Irish novelist, Austin Duffy’s second novel, Ten Days is mostly set in New York. Photographer, Wolf is visiting the city with his daughter Ruth so she can take part in her late mother’s family’s celebration of the ten High Holy Days of Rosh Hashanah and Yom Kippur. The visit will culminate in a ceremony to scatter Miriam’s ashes over the Hudson River. Miriam has recently passed away after a short battle with cancer. Though, at the time, separated from Wolf, she’d asked her husband to return to the family home so they could be together for the last few weeks. She’s also left him strict instructions concerning both her funeral arrangements and plans for Ruth to be part of the extended family’s holiday celebrations in New York. Wolf is neither Jewish nor in the family’s good books. They rightly judge him for his treatment of Miriam. He feels excluded from the celebrations and yet continues to persevere with his in-laws. It’s essential that his daughter is accepted and feels at home within the family.
Wolf has been diagnosed with Alzheimer’s. Though he doesn’t tell his wife or daughter, he’s made an elaborate plan to provide for Ruth when he can no longer look after her. He’s booked one way tickets from London for both of them. The novel implies that Wolf intends to kill himself in America, whilst he’s arranged for Ruth to move in with her Jewish in-laws in New York. I’ll not give any spoilers away but it’s enough to say his plan doesn’t work out quite as he’d intended. The novel ends a little differently from how I’d expected and ultimately I was grateful for this.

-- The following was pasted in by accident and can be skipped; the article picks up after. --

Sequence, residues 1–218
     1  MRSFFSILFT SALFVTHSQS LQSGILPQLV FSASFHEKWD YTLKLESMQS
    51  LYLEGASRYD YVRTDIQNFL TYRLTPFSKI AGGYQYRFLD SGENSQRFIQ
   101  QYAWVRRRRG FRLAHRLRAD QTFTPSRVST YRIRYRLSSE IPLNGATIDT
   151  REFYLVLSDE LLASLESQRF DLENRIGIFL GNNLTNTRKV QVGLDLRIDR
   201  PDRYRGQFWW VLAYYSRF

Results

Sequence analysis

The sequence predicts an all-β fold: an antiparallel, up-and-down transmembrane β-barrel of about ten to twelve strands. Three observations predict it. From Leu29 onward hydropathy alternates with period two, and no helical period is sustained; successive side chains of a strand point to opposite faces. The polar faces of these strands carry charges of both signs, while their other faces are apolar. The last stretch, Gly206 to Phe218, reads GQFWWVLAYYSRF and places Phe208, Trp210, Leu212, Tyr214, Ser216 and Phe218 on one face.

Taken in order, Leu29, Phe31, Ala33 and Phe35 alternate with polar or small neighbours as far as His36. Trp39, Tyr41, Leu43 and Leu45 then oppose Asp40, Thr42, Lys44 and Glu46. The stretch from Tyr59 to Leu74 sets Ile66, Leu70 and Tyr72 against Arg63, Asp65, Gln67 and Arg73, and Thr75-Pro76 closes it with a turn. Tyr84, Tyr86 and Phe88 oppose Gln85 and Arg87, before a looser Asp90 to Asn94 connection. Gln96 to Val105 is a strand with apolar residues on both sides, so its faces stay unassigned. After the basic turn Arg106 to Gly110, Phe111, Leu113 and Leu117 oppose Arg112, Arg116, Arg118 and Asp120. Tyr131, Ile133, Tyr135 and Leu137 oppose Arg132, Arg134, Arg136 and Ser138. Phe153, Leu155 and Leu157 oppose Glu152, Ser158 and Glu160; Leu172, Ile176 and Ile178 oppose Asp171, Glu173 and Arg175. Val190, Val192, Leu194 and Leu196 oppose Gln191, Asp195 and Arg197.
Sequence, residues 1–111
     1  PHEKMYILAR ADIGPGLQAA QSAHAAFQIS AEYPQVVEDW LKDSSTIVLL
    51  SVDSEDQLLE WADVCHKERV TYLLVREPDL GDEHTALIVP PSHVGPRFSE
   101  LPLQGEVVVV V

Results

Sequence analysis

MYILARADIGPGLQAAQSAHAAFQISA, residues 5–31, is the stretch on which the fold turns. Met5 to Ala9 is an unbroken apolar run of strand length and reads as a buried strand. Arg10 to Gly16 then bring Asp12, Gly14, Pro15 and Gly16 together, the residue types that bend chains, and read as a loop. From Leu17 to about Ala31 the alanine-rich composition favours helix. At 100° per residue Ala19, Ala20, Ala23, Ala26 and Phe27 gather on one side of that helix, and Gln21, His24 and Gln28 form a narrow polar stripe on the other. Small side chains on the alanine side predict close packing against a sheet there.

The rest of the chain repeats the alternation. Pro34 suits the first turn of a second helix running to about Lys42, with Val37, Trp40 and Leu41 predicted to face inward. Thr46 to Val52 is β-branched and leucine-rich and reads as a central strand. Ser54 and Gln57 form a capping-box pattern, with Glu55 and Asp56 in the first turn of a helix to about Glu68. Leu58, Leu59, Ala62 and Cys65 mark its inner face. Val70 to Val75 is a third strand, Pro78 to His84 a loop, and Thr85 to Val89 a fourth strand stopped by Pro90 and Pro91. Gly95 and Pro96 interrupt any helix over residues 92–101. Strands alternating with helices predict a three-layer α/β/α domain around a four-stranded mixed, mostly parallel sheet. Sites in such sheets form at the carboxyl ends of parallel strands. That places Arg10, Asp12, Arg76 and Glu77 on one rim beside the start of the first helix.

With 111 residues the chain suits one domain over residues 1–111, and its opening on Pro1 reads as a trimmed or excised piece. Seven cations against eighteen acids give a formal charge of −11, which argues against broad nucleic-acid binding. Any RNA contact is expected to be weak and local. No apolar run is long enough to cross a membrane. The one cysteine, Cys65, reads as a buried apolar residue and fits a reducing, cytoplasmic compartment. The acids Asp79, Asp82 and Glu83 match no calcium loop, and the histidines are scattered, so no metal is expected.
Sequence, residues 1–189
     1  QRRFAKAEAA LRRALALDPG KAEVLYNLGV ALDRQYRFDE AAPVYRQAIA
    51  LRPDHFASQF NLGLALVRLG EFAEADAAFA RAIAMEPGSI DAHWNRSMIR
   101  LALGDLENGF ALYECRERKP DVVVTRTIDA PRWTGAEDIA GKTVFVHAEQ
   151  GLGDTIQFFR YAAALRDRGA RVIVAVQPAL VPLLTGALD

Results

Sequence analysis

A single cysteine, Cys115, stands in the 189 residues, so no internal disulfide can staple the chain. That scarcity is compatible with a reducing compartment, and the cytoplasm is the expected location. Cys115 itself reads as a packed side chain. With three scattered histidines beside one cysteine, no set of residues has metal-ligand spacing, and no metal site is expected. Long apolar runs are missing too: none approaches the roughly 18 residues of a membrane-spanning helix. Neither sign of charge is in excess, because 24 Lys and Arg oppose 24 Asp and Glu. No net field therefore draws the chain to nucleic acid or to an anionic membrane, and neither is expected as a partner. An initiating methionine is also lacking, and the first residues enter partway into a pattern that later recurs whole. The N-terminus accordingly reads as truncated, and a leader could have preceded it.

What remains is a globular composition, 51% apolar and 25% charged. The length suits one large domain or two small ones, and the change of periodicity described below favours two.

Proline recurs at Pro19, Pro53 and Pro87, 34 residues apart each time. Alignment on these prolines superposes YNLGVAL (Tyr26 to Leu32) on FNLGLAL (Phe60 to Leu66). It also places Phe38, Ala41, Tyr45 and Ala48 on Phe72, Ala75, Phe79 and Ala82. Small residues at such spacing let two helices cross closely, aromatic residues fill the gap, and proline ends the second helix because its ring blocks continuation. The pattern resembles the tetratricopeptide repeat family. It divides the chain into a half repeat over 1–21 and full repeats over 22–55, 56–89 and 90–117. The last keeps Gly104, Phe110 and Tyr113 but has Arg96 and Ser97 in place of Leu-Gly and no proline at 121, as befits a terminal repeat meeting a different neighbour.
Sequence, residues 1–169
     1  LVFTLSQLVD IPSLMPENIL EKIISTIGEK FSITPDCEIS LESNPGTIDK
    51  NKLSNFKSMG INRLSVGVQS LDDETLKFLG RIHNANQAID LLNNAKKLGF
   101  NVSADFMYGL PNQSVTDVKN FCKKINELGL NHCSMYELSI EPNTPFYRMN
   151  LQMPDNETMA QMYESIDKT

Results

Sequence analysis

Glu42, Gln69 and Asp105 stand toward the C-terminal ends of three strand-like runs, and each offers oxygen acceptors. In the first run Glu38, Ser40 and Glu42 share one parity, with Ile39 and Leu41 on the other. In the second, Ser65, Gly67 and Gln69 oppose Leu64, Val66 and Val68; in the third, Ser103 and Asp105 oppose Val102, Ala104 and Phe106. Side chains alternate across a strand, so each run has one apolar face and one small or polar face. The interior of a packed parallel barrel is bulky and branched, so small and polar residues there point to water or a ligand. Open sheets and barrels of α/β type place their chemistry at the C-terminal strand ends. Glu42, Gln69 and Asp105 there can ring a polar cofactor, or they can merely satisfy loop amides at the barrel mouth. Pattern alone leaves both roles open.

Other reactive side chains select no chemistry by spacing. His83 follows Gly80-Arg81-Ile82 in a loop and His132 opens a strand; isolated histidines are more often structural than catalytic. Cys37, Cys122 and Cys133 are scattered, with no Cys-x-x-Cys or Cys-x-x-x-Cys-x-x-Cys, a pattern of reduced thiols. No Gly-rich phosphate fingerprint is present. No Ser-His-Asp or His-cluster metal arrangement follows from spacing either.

I loved Ten Days. I loved the writing. It’s sharp, well-crafted and pacey. It’s very much a city novel and there’s a definite urban tightness to the way it’s written. I loved the depictions of Jewish culture and the way they’re seamlessly woven through the book. I also loved the occasional dips into the world of artists and musicians -some real, some fabricated- which Wolf has built his career around.
Duffy’s penned a great depiction of strained relationships, put under further pressure by the increasing confusion Wolf’s experiencing. He’s not particularly close to his daughter. He’s been ostracised by his in-laws. And yet he’s trying his best to prepare for their future together, even as he begins to forget who they are. There’s a woozy quality to the way Duffy writes dementia. Both time and spatial awareness come in and out of focus, sometimes repeating in a loop. I found this a very effective mode of capturing the dementia experience of a man who’s desperately trying to hold on to his sense of reality. It’s also a novel which explores power and ego. Wolf is a man who’s been used to riding roughshod over others’ feelings; the central section of the novel, where he discovers his mother’s Alzheimer’s, then coldly and pragmatically dispatches her to a nursing home, is quite a hard read. Now, he’s increasingly dependent on other people, some of whom he’s treated poorly in the past. This wasn’t the dementia narrative I was expecting to read. I enjoyed it all the more for that.
Ten days was published by Granta in 2021